View single post by W C Greene
 Posted: Thu Dec 7th, 2017 09:44 pm
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W C Greene

Joined: Fri May 4th, 2007
Location: Royse City, Texas USA
Posts: 8283
While "under pressure" to post something "worthwhile", I decided to show something small but mui importante to what I am trying to portray on this layout. Down in "The Bend", life was/is rough and humans exist the best as they can. Here is a photo from the book "Big Bend-A history of the last Texas frontier" which is a guidebook for those who want to visit the area. As I explained earlier, the Bend borders Mexico in SW Texas, the Rio Grande River runs through the rough, wild terrain. Folks living there found unique ways to build homes.

This family built their adobe home between 2 large boulders near Polvo, TX in about 1916. It looks rough but I am sure it was pretty cozy when it got cold and cool when it was hot! This photo is from the book and has no credits so I assume it is public domain.

Here's my "take" on the prototype. The 1:35 scale model is built from blue styrofoam sheets that I cut on my bandsaw and a couple of foam "chunks" that got carved a bit to resemble large boulders. This was then covered with Durham's Water Putty (a wonderful thing for most everything) and when dry, it will be "massaged" and stained with appropriate colors. I will try to carve the adobe bricks into the walls but won't obsess about it if I can't make it look OK. The idea is to include this on my model of the Big Bend Two Footer. I believe the folks who lived here harvested the candelaria plants which can be boiled down for their valuable wax-still used today in candles, etc. for the "upwardly mobile hipsters" with loads of spare cash.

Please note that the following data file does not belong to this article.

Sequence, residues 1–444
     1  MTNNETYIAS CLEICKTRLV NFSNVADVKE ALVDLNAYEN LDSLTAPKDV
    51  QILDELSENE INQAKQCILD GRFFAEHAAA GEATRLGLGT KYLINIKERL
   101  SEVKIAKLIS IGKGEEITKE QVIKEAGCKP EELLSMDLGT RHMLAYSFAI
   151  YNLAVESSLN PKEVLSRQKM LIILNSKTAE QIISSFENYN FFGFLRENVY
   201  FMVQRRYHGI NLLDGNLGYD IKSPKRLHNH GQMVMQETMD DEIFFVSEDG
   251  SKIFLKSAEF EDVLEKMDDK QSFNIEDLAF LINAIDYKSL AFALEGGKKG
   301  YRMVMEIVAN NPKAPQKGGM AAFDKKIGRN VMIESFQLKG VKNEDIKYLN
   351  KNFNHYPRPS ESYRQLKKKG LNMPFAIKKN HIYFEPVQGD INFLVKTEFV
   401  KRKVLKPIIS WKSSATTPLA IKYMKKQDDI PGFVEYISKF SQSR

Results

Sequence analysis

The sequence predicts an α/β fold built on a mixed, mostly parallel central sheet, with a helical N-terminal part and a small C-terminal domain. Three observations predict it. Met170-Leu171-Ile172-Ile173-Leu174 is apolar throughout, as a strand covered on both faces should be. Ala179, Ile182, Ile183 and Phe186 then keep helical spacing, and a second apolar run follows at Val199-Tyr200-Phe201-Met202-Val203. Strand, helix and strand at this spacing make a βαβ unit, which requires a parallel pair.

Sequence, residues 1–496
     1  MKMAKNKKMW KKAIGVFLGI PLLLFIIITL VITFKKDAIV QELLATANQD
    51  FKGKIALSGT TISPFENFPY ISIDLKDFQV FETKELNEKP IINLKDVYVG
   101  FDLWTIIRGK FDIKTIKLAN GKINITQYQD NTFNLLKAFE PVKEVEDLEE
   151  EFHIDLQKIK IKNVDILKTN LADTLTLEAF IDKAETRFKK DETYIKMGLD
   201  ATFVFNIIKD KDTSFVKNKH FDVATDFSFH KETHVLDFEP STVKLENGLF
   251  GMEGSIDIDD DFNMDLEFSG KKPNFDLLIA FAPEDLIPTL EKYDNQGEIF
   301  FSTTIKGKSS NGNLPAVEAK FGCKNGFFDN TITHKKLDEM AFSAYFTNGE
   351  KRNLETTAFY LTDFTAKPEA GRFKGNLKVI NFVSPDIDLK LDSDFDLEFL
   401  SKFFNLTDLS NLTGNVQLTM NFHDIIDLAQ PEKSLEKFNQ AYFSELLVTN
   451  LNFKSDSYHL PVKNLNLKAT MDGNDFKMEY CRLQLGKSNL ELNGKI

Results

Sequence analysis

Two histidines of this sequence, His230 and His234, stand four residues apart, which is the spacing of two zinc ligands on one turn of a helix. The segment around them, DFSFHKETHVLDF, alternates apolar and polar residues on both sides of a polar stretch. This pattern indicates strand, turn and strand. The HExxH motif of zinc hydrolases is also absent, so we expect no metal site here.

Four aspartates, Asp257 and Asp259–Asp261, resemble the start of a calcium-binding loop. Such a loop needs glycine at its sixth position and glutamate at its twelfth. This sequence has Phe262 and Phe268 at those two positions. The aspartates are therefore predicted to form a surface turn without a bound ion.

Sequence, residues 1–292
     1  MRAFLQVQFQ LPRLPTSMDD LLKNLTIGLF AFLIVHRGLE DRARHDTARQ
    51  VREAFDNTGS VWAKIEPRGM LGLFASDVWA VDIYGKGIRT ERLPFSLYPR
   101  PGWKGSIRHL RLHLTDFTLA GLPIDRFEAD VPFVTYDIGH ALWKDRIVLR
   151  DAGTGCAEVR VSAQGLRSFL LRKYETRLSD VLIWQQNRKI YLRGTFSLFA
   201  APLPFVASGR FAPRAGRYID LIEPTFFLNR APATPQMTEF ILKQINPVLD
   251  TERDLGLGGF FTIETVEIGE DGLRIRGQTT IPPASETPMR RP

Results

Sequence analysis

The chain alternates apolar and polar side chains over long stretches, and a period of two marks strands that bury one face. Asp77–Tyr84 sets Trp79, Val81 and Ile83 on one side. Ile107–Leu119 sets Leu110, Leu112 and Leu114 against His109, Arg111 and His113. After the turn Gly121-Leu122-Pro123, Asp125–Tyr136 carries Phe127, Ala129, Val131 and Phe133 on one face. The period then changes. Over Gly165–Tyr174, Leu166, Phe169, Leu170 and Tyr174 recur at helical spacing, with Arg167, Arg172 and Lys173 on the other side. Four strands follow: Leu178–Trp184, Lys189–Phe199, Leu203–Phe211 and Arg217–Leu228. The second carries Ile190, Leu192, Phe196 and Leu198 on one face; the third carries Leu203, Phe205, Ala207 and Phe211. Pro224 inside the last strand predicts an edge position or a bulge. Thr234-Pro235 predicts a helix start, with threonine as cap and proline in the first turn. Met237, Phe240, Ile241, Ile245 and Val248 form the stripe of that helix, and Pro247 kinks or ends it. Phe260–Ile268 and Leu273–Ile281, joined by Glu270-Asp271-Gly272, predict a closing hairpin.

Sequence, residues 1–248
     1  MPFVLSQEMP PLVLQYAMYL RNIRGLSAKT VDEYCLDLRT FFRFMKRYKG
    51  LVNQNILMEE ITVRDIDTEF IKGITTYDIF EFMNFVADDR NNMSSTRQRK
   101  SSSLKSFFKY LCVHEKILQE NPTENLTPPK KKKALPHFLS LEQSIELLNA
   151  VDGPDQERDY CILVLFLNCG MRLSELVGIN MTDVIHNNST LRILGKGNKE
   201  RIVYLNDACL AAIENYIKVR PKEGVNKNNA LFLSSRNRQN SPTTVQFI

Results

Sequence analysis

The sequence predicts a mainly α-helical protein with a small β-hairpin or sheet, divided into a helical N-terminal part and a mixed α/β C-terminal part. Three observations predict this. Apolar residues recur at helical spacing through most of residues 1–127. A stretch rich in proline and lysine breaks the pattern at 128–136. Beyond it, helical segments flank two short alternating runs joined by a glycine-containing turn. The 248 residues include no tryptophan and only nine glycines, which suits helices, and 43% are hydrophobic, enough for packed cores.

I wanted to include a wax factory on this layout but space availability is at a premium and besides that, the industry seemed to be more of the "bootleg" variety, the railway hauls silver and gold ores.

Back to the model, I have become a big advocate of using styrofoam for most everything, from the layout itself to the scenery and most of the structures. And thanks to friend Dave Cox, the bandsaw is the best modeling tool I have...that and a supply of sharp, new razor blades and Xacto #11's.

It doesn't matter if you win or lose, its' how you rig the game.
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